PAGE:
EXHIBITS | ANIMALS

 

From snakes to parakeets... be sure to visit our animal exhibits for lots of fun! All of the animals at the Science Center were either donated to us or were rescued on Exotic Animal Amnesty Day, and we are so happy that the Science Center gets to be their forever home. All of our animals offer a great opportunity to teach guests about various species, how to safely interact with animals, and bring joy to the hearts of all who visit our center. Interested in sponsoring an animal? Click here!

 
Birds
Cici
Cici
the Blue and Gold Macaw

Cici is a Blue and Gold Macaw. Blue and Golds are native to South America. These gorgeous birds can live to be 80 years old. She is named after Cecilia Payne-Gaposchkin — a British-American astronomer and astrophysicist whose doctoral thesis discussed the composition and physical makeup of stars.

Ivan
Ivan the Timneh African Grey Parrot

Ivan is a Timneh African Grey Parrot, the smaller of the two sub-species of African Greys. They are native to equatorial Africa. He is named after Ivan Petrovich Pavlov, Russian physiologist and Nobel Prize winner. He is most famous for his groundbreaking research on the conditioned reflex as discovered with “Pavlov’s dogs.”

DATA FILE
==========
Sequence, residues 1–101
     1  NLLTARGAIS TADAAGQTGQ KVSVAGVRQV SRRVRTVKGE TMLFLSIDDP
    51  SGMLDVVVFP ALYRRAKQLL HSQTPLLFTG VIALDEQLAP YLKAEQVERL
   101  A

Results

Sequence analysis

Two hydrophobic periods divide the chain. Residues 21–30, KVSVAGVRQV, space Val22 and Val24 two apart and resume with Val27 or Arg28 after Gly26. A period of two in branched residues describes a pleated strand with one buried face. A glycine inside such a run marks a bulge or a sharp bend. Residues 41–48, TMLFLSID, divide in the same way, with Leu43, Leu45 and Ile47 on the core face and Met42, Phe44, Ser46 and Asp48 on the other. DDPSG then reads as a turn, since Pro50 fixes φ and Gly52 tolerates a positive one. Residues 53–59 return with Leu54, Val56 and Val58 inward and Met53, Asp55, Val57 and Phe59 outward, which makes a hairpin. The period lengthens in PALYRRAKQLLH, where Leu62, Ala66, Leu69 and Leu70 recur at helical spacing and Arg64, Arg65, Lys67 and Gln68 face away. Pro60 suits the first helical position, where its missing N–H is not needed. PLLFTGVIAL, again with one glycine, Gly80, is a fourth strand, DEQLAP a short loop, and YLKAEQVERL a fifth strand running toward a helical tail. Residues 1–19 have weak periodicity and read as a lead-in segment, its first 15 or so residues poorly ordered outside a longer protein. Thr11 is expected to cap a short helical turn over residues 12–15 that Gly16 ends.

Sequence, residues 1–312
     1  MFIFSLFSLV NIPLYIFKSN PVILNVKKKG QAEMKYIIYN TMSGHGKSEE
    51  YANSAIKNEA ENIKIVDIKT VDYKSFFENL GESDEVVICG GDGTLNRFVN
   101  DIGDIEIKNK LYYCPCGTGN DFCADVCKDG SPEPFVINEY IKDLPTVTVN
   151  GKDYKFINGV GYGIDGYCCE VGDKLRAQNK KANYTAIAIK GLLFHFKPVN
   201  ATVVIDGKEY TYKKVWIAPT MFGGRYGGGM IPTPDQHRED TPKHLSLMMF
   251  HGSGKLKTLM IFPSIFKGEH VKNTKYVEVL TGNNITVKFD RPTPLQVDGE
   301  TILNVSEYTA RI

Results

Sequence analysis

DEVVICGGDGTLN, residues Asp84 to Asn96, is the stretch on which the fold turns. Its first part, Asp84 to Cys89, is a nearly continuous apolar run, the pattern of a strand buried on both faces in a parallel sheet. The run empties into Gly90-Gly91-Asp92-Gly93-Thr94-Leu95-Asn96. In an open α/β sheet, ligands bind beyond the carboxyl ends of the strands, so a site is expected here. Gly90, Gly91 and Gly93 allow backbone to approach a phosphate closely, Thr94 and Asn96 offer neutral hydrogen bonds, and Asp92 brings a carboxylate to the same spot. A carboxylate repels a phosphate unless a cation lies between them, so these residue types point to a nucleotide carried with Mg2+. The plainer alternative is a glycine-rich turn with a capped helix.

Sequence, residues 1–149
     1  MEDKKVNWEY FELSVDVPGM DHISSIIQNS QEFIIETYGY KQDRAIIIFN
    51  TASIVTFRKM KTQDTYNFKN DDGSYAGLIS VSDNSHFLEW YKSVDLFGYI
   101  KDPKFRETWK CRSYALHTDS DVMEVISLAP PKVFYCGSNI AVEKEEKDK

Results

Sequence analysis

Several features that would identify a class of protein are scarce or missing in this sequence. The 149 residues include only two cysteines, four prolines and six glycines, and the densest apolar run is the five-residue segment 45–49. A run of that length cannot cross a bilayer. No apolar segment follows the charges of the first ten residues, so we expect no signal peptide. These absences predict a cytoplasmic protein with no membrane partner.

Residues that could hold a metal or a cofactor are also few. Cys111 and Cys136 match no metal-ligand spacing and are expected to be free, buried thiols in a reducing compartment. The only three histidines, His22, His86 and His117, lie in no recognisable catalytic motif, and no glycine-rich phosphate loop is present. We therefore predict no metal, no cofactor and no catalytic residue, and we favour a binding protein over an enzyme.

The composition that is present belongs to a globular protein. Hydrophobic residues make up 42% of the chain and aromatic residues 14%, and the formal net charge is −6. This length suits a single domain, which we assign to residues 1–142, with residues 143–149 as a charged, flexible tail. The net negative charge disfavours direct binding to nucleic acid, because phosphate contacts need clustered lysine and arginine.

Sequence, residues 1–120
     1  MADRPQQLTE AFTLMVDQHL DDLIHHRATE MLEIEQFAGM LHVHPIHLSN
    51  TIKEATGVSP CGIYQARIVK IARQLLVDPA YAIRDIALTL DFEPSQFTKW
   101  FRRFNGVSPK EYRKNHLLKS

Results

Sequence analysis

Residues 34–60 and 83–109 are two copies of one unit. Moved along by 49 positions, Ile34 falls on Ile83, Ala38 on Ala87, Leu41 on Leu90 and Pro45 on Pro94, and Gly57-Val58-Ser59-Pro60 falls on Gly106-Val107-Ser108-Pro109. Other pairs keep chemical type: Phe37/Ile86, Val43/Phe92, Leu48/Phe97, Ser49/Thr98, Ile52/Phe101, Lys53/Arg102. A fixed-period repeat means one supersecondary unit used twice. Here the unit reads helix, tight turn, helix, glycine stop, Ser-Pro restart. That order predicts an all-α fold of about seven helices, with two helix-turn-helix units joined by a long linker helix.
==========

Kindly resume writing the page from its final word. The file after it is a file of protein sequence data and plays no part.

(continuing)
Florey and Fenner
Florey & Fenner the Budgerigars

Florey and Fenner are Budgerigars, a.k.a Budgies or Parakeets. Budgies are the only Australian species of their genus. They are named after Howard Florey (Left) & Frank Fenner (Right). Florey was an Australian pharmacologist and pathologist who aided in the development of Penicillin. Fenner was an Australian virologist who helped eradicate smallpox. 

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Simon the Nanday Conure

Simon is a Nanday Conure, also known as the black-hooded parakeet, native to South America. Its most distinguishing characteristic, for which it is named, is its black facial mask and beak. A conure has a few distinct sounds that are very loud; their call can be carried for miles. Simon is named after Simon Boyes, a British ornithologist and tour guide, with over 30 years experience of leading groups to watch wildlife and identify birds on every continent.

 
Rubin
 Rubin the 
African Pygmy Hedgehog
Mammals
Lawrence
Lawrence the Guinea Pig

Lawrence is a Guinea Pig. Guinea pigs are no longer found in the wild, but are linked to a distant mountain-dwelling mammal ancestor in South America. He is named after William Lawrence Bragg a scientist who won the Nobel Prize in Physics with his father, scientist William Henry Bragg, for their breakthrough in the analysis of crystal structure using x-ray technology.